China Guardian Quarterly Auction Rakes In Over $33 Million

Domestic Auction House One Of World’s Largest

韶山·革命圣地毛主席旧居

Li Keran's 1974 painting of Shaoshan sold for 124.2 million yuan (US$22.3 million)

Though their bidding style is becoming more discerning as collections grow, clearly the enthusiasm with which a growing number of Chinese art buyers are entering the market remains strong. At the recent 30th China Guardian quarterly auctions in Beijing, thousands of bidders pushed particular lots up to 30 times their pre-sale estimates, helping the sale pull in a grand total of over US$33 million.

Packed with lots in segments highly sought after by Chinese collectors, such as Chinese Ink Painting, Calligraphy, Porcelain, Furniture and Chinese Oil Paintings, the auction included works by artists like Li Keran — whose work, despite being little-known outside of China, recently sold for a record-setting 293.25 million yuan (US$46 million) at the Beijing Poly spring auctions.

From Art Daily:

Works by Li Keran (1907-1989)…achieved high sales. Most of his pieces presented in this auction focused on traditional Chinese imagery, such as young shepherd and their herd. Boy and Cattle (lot 241), known for its skillful composition and simple lines, sold at 2.127 million yuan (334,789 US dollars); Boy and Cattle (lot 242) sold at 1.84 million yuan (289,616 US dollars); and Boy and Cattle (lot 62) sold at 1.55 million yuan (243,970 US dollars).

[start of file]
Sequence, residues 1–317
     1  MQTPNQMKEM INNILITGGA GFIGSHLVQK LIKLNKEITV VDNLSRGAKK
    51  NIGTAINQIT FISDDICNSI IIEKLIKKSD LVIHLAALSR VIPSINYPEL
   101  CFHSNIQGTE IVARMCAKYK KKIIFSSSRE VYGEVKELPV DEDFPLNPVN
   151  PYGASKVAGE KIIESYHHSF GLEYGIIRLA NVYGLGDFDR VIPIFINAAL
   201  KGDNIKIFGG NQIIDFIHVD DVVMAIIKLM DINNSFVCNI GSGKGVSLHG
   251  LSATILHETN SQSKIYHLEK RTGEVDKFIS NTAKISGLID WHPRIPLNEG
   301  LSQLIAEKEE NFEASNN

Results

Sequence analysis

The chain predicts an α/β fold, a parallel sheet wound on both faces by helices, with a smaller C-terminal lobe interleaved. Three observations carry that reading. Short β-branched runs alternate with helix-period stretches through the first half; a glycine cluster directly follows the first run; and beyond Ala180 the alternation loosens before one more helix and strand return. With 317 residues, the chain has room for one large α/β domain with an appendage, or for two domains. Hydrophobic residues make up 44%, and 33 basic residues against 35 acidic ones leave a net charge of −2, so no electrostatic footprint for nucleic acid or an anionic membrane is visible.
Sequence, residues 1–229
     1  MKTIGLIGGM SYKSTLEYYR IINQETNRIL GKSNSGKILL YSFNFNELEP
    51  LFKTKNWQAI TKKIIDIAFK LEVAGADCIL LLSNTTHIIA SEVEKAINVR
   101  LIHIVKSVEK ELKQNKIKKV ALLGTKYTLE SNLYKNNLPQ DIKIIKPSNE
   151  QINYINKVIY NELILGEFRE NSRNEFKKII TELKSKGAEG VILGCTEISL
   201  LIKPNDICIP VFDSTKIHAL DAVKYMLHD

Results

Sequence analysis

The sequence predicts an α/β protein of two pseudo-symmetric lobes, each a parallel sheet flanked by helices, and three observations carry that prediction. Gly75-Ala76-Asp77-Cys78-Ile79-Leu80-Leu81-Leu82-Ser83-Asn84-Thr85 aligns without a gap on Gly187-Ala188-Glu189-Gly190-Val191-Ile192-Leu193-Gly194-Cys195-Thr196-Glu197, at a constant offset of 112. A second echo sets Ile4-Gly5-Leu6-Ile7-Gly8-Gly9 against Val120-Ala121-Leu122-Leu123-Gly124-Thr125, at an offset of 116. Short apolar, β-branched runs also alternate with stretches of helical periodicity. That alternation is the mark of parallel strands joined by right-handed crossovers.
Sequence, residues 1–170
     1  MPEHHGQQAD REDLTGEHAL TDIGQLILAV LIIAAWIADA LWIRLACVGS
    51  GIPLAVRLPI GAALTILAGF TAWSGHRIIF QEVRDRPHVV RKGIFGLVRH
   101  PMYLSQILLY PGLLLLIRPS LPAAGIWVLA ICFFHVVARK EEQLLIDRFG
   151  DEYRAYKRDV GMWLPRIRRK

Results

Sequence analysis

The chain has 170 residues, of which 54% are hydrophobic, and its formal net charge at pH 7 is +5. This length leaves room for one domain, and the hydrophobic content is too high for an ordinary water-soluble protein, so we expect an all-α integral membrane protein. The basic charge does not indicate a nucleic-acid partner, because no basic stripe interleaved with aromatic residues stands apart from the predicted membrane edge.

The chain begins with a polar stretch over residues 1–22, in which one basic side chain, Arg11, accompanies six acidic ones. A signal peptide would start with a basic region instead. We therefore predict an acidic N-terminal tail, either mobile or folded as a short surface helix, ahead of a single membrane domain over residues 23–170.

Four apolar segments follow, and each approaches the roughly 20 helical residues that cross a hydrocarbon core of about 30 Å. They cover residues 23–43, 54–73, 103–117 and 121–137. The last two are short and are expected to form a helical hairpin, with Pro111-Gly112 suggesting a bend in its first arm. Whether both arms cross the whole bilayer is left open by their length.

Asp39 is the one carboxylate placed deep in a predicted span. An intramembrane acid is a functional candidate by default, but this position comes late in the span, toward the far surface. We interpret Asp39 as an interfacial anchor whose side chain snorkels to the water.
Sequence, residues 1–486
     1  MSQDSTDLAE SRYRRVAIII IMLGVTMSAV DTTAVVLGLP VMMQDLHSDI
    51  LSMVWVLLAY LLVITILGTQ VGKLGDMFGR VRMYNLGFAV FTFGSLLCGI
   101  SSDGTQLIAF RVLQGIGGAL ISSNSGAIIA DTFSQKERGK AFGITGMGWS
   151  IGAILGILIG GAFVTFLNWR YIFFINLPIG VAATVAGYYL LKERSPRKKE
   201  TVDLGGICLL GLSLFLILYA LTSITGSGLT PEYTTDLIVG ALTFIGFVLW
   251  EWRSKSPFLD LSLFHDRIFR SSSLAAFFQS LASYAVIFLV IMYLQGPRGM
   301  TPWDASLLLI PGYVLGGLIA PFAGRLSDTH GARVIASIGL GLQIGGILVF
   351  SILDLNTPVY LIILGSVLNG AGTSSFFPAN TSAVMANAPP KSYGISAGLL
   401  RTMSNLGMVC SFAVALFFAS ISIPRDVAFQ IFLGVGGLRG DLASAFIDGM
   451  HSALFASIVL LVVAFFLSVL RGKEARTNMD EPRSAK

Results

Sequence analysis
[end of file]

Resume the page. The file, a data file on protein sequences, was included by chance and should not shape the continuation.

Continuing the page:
The outstanding Paintings by Masters session, which was first added to the auctions by China Guardian in 2011, has been recognized by bidders for offering important works from international overseas collections. This year, Camellia, a painting by Qi Baishi (1864-1957) topped the list and sold at 2.645 million yuan (416,323 US dollars).

The painting was presented to the Russian artist Victor Michailocich Oreshnikov when he was visiting China in 1953 and 1954. Landscape, a painting gifted by the artist Zhang Daqian (1899-1983) to Huang Zhongxiang, a military official in the Kuomintang, sold at 2.645 million yuan (416,323 US dollars).

Reflecting another trend we’ve seen growing among newer Chinese collectors, the auction’s furniture segment was hotly contested, with the classical furniture session totaling 2.8 million yuan (440,720 US dollars). Highlights of the section included a hongmu bed, hongmu kang table, and a pair of stands that sold for 368,000 yuan (57,923 US dollars), a set of hongmu furniture produced during the Republic of China period, which went for 253,000 yuan (39,822 US dollars).

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Art & Auction